HSBC will end its multi-million pound sponsorship of British Cycling at the end of 2020.
The bank has exercised a break clause in its contract - just three years into an eight-year-deal.
In correspondence obtained by the BBC, British Cycling boss Julie Harrington told colleagues the partnership was ended by HSBC due to a "shift in its UK marketing and partnership priorities".
The governing body will now look to find a new partner in 2021.
Julie Harrington added: "We are an ambitious organisation with a proud tradition of setting and hitting big targets and we know that more people on bikes is the solution to many of society's biggest challenges.
"As we look to 2021, we will be actively engaging the market to find a new partner to be part of the next stage of our exciting journey."
It is a major financial blow for British Cycling who only started the lucrative deal, thought to be worth around £10m per Olympic cycle, in January 2017.
Former British Olympic rider Callum Skinner tweeted, "This will obviously pose a major challenge and it will be gutting if valuable frontline work is cut as a result of this. Weak leadership in dealing with historical and present-day issues could have cost the sport millions."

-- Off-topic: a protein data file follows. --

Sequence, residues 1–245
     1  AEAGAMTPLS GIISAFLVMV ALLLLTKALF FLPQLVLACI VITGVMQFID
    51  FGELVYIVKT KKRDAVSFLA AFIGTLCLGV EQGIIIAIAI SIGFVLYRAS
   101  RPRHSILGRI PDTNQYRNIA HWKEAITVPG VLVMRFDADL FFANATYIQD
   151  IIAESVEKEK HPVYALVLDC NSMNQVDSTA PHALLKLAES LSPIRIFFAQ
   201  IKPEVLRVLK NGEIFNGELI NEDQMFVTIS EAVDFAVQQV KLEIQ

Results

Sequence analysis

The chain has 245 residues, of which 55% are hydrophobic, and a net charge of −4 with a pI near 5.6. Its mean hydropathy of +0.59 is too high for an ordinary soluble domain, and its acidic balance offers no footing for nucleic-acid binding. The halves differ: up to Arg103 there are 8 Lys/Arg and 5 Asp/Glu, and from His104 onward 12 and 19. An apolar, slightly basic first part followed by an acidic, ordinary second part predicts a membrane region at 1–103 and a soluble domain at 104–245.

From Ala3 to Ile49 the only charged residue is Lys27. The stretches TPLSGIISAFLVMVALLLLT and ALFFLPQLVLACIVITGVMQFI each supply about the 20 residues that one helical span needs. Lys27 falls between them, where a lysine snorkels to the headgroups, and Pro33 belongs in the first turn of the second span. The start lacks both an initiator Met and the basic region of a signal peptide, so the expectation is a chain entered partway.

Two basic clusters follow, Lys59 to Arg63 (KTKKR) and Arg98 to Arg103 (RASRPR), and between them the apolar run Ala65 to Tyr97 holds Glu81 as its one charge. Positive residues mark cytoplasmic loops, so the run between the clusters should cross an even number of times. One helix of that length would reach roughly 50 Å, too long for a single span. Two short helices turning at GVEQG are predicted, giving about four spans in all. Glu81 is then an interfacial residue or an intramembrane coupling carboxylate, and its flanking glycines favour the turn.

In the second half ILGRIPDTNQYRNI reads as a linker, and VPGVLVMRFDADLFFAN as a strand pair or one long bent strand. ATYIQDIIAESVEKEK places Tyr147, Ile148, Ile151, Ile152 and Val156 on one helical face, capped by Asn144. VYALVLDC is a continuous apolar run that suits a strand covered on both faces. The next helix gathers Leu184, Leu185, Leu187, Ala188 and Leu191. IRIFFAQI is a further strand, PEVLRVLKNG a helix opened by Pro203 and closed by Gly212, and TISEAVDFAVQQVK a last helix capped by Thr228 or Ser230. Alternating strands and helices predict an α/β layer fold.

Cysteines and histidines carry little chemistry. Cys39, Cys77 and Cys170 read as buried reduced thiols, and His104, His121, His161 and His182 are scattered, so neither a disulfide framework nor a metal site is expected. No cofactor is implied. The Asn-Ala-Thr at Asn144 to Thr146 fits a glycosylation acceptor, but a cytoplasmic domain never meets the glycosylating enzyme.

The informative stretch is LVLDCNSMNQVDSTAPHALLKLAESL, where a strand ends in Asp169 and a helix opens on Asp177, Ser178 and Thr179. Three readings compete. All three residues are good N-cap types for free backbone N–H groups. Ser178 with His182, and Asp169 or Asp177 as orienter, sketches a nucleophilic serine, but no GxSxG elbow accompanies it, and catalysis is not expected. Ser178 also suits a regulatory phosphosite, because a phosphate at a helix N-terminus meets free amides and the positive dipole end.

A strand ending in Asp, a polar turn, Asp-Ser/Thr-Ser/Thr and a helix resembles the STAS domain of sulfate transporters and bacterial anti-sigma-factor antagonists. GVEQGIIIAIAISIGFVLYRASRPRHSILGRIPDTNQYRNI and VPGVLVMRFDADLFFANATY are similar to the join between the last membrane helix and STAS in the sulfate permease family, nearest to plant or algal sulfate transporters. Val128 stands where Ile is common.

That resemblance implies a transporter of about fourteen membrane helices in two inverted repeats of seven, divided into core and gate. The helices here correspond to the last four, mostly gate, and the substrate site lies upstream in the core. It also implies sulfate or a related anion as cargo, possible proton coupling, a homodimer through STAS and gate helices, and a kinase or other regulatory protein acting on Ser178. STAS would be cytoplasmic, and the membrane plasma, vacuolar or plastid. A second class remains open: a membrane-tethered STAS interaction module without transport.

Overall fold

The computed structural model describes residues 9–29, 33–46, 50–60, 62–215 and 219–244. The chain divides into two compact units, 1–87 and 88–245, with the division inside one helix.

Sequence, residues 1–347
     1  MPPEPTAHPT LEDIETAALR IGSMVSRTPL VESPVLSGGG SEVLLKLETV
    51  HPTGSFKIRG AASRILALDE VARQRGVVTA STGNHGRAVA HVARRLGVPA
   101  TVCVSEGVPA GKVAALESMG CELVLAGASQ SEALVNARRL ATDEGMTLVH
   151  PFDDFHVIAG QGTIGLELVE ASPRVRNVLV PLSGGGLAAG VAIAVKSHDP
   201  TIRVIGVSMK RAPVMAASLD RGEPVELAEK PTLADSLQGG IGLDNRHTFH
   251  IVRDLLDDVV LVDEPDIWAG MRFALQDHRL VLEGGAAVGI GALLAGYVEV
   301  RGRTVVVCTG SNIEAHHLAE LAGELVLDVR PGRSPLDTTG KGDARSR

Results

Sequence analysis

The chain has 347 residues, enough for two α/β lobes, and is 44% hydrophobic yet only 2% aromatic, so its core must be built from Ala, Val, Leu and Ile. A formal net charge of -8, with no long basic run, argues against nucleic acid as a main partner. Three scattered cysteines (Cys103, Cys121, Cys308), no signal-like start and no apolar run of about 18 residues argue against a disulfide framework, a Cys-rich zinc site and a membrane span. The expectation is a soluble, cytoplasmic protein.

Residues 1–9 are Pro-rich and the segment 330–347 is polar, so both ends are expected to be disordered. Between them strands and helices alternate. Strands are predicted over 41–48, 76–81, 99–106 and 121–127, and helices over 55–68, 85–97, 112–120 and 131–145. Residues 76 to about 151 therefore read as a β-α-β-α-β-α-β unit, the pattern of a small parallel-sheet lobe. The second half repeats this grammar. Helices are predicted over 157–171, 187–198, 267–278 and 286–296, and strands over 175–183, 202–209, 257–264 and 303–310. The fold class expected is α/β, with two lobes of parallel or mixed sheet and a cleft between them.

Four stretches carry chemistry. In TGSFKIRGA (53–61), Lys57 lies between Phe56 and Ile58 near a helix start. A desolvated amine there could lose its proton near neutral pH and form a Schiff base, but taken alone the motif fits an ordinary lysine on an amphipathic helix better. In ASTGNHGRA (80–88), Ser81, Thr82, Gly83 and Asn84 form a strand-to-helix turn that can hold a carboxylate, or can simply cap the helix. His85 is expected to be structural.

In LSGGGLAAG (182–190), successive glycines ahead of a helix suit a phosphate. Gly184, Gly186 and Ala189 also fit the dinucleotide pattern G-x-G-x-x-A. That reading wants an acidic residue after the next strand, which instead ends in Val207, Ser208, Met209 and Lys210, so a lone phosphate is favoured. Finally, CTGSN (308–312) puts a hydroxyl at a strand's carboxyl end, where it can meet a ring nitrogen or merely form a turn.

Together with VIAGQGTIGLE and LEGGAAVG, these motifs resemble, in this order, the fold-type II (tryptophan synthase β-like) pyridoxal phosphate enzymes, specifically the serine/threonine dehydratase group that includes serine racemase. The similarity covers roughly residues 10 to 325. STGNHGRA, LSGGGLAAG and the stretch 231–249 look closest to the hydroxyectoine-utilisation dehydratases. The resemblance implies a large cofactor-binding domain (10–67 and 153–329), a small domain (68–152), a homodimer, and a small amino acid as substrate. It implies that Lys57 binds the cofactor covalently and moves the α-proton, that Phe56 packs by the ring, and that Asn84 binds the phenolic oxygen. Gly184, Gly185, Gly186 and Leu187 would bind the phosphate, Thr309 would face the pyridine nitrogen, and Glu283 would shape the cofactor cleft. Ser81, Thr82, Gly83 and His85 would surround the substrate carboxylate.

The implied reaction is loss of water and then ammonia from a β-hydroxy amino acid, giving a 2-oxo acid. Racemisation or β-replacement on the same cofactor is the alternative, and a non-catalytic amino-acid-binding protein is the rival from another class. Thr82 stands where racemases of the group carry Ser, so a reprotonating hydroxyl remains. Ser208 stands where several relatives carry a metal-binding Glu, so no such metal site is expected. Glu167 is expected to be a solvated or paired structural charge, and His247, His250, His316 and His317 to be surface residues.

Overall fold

When announcing the deal at the time, former British Cycling chief executive Ian Drake described it as a "huge moment for cycling in Great Britain".
Last week, HSBC said it will axe around 35,000 jobs as it announced profits for 2019 fell by about a third.
British Cycling - one of the country's best-funded and most successful governing bodies in terms of performance - announced a financial loss last year in its most recent accounts.
In recent years it has suffered a number of controversies. In 2017 it apologised for "failings" following accusations of bullying and sexism against top-level cyclists, and an independent review criticised its governance.
The following year it was accused of hindering a UK Anti-Doping Agency investigation into a medical jiffy bag sent to a race in France.
A medical tribunal for former Team Sky and British Cycling senior doctor Richard Freeman over a mystery testosterone delivery to the national velodrome will resume in the spring. He has been charged with helping a rider to dope.